Melbourne VIC, Australia, 28 January 2016 |

Australia has a strong representation at the business end of the junior tournaments at Australian Open 2016, with three locals advancing to the semifinals in the boys’ and girls’ competitions on Thursday.

In the girls’ singles, Sara Tomic progressed to her first semifinal at a Grand Slam, her previous best being a third-round appearance at the Australian Open in 2015.

Tomic battled through a stomach complaint to overcome fellow Queenslander and friend Baijing Lin to win 6-1 5-7 6-2 in an hour and 52 minutes on court.

“Honestly, I didn’t even tell my team that I wasn’t really feeling good. My stomach was hurting,” Tomic said.

“I had to take some tablets after, and mentally I wasn’t focusing. But I’m really hungry for winning, and I truly want to do well and always do my best on the court.”

After promising to put a greater emphasis on training and fitness in the off-season, Tomic plays with great maturity for her age, remaining calm during critical break-point moments.

“I’ve been improving my weaknesses, which is getting to the ball,” Tomic said. “So now I can actually run to the ball and I feel like my defence has definitely improved.”

Older brother Bernard, currently Australia’s highest-ranked male player at world No. 17, won the Australian Open boys’ title when he was 15 in 2008 and then the US Open junior championship in 2009.

Aiming to do the same, the Tomic siblings would complete a rare double if Sara were to go all the way – the last brother-sister duo to achieve the feat were Lorraine and Will Coghlan in 1956 and 1960 respectively.

“I’m trying to win. It’d be nice,” Sara said.

“It’d really be a dream to be on the board.”

On the boys’ side, Australian pair Alex De Minaur and Oliver Anderson were among the quartet who reached the penultimate round at Melbourne Park.

De Minaur stormed home to claim victory, taking out No. 3 seed Stefanos Tsitsipas 6-7(3) 7-5 6-0 in two hours and nine minutes.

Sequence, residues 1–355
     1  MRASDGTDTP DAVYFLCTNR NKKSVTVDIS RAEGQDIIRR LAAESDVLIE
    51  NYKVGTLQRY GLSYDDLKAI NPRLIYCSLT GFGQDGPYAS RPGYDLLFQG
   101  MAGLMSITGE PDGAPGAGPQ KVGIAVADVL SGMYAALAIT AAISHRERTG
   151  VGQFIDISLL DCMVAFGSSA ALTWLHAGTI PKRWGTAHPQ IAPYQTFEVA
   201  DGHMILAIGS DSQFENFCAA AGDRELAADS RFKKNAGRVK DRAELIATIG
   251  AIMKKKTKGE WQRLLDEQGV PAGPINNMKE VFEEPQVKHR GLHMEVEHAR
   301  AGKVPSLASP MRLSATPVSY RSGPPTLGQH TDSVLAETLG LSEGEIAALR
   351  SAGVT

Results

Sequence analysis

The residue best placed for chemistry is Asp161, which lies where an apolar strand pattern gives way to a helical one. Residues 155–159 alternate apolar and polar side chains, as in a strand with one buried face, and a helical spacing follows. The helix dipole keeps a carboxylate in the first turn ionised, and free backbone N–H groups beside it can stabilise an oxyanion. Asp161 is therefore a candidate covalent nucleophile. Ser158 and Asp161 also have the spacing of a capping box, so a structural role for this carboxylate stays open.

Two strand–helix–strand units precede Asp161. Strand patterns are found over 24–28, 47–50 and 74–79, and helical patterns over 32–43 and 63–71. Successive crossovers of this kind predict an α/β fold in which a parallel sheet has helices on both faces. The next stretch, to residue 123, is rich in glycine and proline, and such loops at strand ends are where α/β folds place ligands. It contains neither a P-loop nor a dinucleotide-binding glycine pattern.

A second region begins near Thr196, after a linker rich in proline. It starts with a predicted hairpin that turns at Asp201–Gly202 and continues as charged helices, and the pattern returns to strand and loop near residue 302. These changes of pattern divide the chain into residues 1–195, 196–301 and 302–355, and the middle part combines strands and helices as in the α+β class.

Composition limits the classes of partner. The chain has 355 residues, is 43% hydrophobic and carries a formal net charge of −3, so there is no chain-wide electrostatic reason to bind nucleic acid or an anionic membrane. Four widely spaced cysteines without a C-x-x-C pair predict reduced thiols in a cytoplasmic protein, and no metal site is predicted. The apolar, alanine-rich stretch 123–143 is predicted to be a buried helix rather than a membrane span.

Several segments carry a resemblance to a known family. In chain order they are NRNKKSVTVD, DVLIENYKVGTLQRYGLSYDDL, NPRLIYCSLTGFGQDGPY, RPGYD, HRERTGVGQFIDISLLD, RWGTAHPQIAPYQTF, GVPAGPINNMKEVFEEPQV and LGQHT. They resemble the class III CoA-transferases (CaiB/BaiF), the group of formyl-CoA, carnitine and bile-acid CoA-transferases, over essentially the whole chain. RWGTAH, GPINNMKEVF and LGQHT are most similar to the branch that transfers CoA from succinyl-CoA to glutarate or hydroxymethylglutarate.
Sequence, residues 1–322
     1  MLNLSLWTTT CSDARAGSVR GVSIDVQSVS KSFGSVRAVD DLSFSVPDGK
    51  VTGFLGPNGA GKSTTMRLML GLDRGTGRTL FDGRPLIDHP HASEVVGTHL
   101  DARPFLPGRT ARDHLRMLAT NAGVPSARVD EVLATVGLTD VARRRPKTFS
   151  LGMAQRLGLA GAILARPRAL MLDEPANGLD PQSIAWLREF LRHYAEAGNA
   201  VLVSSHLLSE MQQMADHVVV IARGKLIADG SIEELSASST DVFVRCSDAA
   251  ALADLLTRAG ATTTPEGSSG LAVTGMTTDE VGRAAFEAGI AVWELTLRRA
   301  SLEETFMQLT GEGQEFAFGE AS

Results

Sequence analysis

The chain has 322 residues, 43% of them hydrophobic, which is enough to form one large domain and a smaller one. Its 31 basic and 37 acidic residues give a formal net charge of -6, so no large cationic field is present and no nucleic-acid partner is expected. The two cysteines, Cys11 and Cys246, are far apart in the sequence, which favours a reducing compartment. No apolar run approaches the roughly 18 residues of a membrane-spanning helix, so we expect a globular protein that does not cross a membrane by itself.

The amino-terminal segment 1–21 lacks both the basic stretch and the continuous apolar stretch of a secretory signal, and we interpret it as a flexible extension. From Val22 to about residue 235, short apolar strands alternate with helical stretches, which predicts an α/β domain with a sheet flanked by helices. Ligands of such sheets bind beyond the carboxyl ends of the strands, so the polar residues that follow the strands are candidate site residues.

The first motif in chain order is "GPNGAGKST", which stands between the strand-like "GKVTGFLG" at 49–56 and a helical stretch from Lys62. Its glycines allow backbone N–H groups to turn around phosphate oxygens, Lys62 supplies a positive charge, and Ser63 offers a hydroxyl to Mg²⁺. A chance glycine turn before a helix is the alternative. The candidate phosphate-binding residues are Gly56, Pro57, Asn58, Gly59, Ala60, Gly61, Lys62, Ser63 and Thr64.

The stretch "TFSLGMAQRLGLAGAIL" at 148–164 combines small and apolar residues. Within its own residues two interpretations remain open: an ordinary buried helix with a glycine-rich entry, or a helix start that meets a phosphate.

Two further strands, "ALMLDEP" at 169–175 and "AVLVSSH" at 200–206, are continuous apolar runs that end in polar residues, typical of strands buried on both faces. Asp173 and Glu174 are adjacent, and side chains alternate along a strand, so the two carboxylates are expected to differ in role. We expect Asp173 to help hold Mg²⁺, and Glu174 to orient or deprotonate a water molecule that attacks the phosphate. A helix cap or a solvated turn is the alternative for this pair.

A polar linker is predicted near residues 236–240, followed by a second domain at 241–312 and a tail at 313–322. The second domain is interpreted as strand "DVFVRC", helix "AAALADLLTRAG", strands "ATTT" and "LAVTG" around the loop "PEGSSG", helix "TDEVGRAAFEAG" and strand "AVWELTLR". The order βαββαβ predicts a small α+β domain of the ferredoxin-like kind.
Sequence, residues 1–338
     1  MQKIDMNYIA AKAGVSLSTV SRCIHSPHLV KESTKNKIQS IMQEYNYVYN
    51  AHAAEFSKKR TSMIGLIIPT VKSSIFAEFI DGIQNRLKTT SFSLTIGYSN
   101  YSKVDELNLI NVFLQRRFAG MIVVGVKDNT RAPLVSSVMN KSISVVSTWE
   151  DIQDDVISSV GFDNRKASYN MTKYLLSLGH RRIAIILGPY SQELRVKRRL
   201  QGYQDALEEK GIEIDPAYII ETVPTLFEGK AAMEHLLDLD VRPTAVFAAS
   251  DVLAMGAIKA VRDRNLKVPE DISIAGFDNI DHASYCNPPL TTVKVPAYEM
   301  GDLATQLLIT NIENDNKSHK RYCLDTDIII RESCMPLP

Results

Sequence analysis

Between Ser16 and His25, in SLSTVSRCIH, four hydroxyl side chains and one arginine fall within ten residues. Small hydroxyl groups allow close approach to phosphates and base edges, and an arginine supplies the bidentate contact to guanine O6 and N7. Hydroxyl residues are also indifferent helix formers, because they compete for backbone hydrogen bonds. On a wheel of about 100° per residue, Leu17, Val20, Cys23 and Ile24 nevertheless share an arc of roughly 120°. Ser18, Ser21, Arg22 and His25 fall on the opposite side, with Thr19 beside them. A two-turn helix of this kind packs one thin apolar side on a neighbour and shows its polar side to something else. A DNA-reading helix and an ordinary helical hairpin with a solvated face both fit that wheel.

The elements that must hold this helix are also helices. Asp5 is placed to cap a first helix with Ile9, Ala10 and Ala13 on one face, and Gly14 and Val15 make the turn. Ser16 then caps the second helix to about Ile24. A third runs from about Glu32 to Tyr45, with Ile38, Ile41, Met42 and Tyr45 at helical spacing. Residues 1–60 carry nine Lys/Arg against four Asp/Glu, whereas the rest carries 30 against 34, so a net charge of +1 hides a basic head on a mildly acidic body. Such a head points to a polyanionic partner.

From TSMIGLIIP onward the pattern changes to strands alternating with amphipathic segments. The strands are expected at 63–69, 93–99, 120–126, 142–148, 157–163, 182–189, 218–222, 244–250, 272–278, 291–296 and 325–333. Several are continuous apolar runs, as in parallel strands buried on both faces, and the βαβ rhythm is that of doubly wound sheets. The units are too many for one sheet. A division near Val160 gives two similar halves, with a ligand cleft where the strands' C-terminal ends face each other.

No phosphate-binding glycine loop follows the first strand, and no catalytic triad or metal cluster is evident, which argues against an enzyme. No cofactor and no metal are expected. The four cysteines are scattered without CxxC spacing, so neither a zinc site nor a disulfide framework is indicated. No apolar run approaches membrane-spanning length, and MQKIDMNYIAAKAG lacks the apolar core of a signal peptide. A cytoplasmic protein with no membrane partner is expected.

It was a big scalp for the 16-year-old, who used his aggressive net play to overcome his Greek opponent.

The Spanish-based Australian was happy to progress to the last four, a feat he achieved last August at the US Open, but says the Australian crowd makes this year’s run so much more enjoyable.

“It’s always amazing to make a semifinal, but doing it here means a lot more to me because it’s my home town,” De Minaur said.

“I can’t wait until I get out there tomorrow in front a big crowd like it was today. It was some amazing support – it felt unreal and something I haven’t really felt before.”

De Minaur will be looking to continue his run when he faces seventh seed Jurabeck Karimov of Uzbekistan on Friday.

Possible final opponent Anderson found his rhythm after a sluggish start to overcome Sydney-born challenger Max Purcell.

Granted a wildcard for the tournament, Anderson said he overcame a disappointing first set to advance 3-6 6-4 6-4 in two hours and six minutes on court.

“It was a battle, it was tough – he played a pretty good first set and I played a pretty poor one,” Anderson said.

“But my coaches were encouraging me from the sidelines, and I kind of knew that I was flat. I just had to pick myself back up with some positive self-talk.”

Anderson leapt to the forefront of the Australian tennis scene after the 17-year-old defeated world No.108 Tim Smyczek to qualify for the Brisbane International earlier in January.

Since then, expectations had been high coming into his first junior slam tournament.

“Making the semifinals is pretty good from my expectations, but eyes are on the prize,” he said.

“Ideally I’d like to keep going, but we’ll see how that ends up.”

Anderson will face No. 5 seed, Korean Yunseong Chung, for a place in the boys’ final.